I posted these suggestions earlier in the year, but there's still time to dip in and out and these are all accessible for students if you've got a bit of time and patience.
My top tips are:
- Deborah Cameron, The Myth of Mars and Venus - a brilliant, dry take on how women and men use language and the myths around it.
- Henry Hitchings, The Language Wars - a readable and comprehensive overview of some of the ways in which English has been debated about and argued over ever since it came to be.
- Jean Aitchison, Language Change: Progress or Decay? - excellent for how language changes and what people think about it. Essential reading for Paper 2.
- Annabelle Mooney and Betsy Evans, Language, Society and Power (4th edition) - almost as useful as a 3rd textbook for this course.
- English & Media Centre, Language: a Student Handbook of Key Topics and Theories (aka the little red book) - put together for you to offer new angles and key ideas for most of the main areas you cover. Buy it or my husky starves.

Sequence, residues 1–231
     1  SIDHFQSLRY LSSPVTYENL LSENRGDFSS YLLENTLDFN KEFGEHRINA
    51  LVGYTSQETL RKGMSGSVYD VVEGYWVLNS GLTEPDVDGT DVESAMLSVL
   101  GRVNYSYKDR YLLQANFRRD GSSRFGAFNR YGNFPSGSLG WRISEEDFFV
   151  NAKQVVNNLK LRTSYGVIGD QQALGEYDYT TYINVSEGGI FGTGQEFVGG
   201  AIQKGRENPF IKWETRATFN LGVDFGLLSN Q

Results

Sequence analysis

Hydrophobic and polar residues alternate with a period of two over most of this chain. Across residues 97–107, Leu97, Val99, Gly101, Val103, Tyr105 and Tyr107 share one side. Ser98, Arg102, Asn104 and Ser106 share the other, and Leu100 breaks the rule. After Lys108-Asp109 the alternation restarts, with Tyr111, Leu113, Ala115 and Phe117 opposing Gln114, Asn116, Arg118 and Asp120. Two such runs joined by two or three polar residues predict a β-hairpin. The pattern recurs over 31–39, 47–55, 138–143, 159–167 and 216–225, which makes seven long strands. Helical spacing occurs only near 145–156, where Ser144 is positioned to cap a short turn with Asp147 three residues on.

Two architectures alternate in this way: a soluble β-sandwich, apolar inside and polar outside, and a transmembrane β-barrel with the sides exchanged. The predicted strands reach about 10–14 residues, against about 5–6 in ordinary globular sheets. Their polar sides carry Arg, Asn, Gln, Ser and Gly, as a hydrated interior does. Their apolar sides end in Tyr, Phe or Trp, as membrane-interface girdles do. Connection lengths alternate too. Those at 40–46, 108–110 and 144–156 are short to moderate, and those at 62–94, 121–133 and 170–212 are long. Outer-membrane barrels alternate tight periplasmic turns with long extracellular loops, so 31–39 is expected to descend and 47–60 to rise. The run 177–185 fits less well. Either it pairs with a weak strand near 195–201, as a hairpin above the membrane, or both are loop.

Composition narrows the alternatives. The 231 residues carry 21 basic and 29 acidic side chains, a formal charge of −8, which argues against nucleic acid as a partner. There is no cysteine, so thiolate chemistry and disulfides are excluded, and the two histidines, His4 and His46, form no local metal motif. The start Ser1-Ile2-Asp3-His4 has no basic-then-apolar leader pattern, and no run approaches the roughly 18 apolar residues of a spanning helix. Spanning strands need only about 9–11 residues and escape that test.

- Susie Dent, Modern Tribes - a very accessible and readable book with lots of great examples for work you will do on social groups.Worth dipping in and out of.
- Julie Coleman, The Life of Slang - while the slang material is really good in its own right, the discussion of how new language gets generated, how it spreads and why it gets picked up (or not) is very insightful.
Michael Rosen's Word of Mouth
Talk the Talk
The Vocal Fries
And finally, the Cambridge Topics in English Language series that Marcello Giovanelli and I edited are all out now. We're chuffed with how they've come out and they seem to have been going down well. You can see more about them here.
If you have any suggestions for things you've read or listened to recently that have been helpful, please add them to the discussion on Twitter here.